Children with autism often demonstrate delays in both joint attention (Mundy & Newell, 2007) and play (Mundy, Sigman, Ungerer, & Sherman, 1986). Joint attention and symbolic play both have been linked to language (Toth, Munson, Meltzoff, & Dawson, 2006) . Furthermore it has been shown that interventions that target symbolic play and interventions that target joint attention both increase the expressive language of this population (Kasari,
The current study seeks to research links between nonverbal communication and play abilities for young children with autism. The children attended a non-public school. In order to participate, each child had to have less than five spontaneous and functional words.
Fourteen children diagnosed with autism participated in the study. All children were between the ages of three and five years old at entry. Participants completed assessments on their cognitive skills (Mullen Scales of Early Learning) as well as assessments of their spontaneous communication (Early Scales of Social Communication, or ESCS) and play abilities (Structured Play Assessment). Diagnoses of autism were confirmed by the Autism Diagnostic Observation Schedule.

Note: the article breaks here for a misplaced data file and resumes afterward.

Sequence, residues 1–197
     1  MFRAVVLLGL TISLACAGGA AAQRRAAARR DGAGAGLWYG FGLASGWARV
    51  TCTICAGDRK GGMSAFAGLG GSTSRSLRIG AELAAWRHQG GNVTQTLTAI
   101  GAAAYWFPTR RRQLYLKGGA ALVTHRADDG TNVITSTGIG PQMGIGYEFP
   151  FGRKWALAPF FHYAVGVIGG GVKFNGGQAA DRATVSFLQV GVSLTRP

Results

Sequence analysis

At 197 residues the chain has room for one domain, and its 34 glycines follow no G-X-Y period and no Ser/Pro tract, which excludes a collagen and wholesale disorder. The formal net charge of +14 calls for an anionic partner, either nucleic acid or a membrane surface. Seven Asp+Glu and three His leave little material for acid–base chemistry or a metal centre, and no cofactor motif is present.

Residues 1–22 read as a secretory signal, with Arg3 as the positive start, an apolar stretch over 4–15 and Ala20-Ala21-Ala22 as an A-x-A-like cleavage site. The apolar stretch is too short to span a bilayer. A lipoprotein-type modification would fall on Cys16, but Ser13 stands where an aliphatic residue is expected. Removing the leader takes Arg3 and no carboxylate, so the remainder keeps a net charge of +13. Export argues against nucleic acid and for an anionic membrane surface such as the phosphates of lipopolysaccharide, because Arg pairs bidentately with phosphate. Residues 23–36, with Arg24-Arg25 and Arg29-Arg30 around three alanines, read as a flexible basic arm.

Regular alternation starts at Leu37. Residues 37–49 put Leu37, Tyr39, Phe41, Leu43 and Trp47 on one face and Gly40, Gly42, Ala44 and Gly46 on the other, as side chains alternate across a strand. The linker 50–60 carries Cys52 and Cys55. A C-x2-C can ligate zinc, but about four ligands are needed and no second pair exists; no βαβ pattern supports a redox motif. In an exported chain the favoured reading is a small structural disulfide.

The ESCS (
A one-tailed correlation analysis revealed that children who exhibited more gesture communication skills on the ESCS also demonstrated more types of functional play skills in the Structured Play Assessment (r = 0.5, p<0.05). When self-stimulatory behaviors were excluded from the play skills, the same relationship was found (r=0.48, p<0.05). Gesture communication skill usage also significantly correlated with symbolic play type (r = 0.55, p<0.05).
Results of this study indicate that spontaneous gesture use for communication is correlated with play abilities for nonverbal children with autism. This finding supports other research work targeting communication skills through play and vice-versa. Future studies should continue to develop interventions that target these skills to effects in other developmental skills among nonverbal children with autism.